If you’re fortunate enough to live in a city or town with pretty decent infrastructure that includes great sidewalks, well signed crosswalks, and safe places for cyclists you’re very fortunate. However, many of us don’t and that’s why there is a a movement called “Complete Streets.” Initially I thought that this was a bit of language play. Living in a country that is very car centric it is hard for me to believe that there is strong buy in to this idea.
However, for once I would like to concede that I’m probably wrong. If you look at current demographics, the majority of Americans now live in urban corridors. As more people move to these urban city centers, politicians in these cities are being compelled to change city infrastructure to accommodate more people: walking around, biking around, and driving around. There is also the addition of increasing public transit in a way that runs seamlessly with the other components of the city that allow people to move around their city safely.
The advocacy group, Smart Growth America, has some great information on how to motivate, create, and manage complete street development in your town. Smart Growth America does mention the following which I feel could be a deterrent: each complete street is different.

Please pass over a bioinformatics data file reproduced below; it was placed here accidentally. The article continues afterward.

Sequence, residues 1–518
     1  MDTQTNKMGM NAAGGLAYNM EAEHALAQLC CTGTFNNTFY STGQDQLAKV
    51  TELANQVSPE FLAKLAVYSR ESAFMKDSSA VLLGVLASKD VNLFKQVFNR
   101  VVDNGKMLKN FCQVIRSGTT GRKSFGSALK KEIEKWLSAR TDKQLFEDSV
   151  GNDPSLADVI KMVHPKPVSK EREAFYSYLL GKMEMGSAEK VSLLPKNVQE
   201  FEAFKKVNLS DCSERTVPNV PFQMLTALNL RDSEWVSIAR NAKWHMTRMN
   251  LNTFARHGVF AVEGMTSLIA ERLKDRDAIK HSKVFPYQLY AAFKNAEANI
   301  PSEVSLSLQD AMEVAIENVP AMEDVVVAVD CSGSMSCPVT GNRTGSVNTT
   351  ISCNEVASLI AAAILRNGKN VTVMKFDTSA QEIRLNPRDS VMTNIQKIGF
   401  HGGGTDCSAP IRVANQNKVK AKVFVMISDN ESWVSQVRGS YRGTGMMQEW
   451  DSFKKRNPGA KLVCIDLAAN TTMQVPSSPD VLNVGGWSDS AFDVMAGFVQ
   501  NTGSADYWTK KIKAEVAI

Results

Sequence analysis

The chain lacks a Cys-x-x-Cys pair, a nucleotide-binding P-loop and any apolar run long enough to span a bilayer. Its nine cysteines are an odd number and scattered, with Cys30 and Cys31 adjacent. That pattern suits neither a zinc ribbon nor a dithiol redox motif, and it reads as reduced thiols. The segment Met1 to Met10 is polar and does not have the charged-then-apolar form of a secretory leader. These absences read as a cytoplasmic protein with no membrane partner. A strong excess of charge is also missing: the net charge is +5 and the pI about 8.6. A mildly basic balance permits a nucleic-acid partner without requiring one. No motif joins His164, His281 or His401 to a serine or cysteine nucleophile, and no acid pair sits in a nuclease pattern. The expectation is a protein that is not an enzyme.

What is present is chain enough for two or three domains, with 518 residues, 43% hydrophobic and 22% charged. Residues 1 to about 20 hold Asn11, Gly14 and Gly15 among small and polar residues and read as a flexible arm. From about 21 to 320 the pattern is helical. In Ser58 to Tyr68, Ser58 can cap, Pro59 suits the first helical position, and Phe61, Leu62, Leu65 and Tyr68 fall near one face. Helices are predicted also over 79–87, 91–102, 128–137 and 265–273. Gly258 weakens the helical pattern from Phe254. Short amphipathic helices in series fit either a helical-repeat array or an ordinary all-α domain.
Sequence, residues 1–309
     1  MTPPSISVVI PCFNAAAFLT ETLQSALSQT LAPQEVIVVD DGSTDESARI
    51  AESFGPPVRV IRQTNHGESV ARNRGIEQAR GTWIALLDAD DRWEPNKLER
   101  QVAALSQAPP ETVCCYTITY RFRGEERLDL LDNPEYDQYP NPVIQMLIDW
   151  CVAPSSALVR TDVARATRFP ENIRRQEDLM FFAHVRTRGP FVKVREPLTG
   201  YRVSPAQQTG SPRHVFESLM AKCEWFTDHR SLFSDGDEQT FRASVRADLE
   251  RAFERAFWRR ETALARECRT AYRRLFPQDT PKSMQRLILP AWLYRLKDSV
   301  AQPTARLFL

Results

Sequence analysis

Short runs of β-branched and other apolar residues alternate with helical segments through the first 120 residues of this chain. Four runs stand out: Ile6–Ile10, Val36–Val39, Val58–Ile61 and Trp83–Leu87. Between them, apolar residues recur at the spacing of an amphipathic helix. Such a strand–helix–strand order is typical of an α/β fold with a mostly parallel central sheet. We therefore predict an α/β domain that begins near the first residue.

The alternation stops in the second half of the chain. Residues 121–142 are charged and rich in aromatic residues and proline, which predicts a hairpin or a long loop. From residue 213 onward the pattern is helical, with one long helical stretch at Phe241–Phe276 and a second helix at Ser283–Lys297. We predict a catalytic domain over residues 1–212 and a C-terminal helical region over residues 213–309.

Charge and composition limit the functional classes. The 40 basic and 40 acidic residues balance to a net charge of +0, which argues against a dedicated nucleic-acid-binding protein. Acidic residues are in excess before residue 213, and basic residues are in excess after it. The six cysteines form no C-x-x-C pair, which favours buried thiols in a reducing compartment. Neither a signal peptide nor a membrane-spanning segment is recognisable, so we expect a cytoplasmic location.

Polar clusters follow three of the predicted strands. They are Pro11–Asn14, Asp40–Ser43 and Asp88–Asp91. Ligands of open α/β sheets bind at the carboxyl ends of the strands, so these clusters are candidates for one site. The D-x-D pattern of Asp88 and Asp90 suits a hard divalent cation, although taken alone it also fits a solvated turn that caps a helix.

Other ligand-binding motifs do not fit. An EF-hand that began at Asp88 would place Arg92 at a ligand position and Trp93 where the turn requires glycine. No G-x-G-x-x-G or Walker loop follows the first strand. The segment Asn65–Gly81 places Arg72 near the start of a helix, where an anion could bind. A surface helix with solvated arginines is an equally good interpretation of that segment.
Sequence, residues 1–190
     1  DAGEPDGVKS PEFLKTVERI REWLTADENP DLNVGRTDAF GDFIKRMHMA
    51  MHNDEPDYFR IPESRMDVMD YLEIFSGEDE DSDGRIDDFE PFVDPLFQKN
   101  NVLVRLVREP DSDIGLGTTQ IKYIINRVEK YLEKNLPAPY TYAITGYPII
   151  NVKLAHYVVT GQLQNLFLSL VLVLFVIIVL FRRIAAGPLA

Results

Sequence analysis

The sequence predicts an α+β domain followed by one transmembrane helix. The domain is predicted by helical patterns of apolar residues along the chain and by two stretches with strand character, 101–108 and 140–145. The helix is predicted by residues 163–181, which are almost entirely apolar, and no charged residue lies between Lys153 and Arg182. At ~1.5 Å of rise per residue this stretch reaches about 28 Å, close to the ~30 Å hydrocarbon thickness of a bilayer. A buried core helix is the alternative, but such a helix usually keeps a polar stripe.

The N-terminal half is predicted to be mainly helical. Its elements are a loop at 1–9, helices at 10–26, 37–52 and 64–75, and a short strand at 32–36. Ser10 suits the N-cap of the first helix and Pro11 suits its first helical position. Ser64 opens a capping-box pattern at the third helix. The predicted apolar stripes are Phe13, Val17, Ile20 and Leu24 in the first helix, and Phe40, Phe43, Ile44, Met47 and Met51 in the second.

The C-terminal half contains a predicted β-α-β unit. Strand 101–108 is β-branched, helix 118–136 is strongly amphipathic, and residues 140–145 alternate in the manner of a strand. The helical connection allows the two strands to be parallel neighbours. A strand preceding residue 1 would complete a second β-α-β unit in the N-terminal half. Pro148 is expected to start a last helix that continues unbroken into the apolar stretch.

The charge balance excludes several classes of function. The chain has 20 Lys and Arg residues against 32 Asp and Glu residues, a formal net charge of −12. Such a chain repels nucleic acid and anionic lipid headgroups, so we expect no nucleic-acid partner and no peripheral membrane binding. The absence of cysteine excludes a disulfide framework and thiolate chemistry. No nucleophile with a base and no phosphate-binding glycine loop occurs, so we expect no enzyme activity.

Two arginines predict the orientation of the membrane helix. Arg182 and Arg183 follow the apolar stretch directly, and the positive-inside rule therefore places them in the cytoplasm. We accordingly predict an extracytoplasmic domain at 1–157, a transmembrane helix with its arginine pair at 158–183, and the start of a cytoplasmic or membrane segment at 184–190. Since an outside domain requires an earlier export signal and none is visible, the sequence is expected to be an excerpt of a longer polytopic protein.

Clearly each city or town would need to make an assessment as to what’s working and what isn’t working in terms of safety and ease of movement around their city. In some places it a complete street would be created by the addition of a stop sign or traffic lights. In other places a complete street could be created by adding a dedicated bike lane.
To get a complete street policy to happen people need to communicate that there is a need. Needs are typically noticed after a series of negative circumstances such as: accidents, trouble crossing the streets: on foot, by bike, or even when driving. When speaking with politicians and other city officials always emphasize the long-term benefits of these policies that will balance out the short-term pain (cost) of getting infrastructure and systems in place to insure the safety of your city’s citizens.
If you are an advocate for the complete streets movement you may also want to research different grants that can be applied for by your city to help offset the costs. Break through the objections that people will give you and provide information and resources needed to be successful.
The bigger the city, the more challenging this can be but embracing complete streets policies is a common sense solution to our growing cities. We all want to be safe as we move around our towns it’s a no brainer. The big issue always is getting people to come to a consensus and move forward with a unified vision about what will work in your town.
Do you live in a town with an active Complete Streets policy? What works and what doesn’t? What would you change?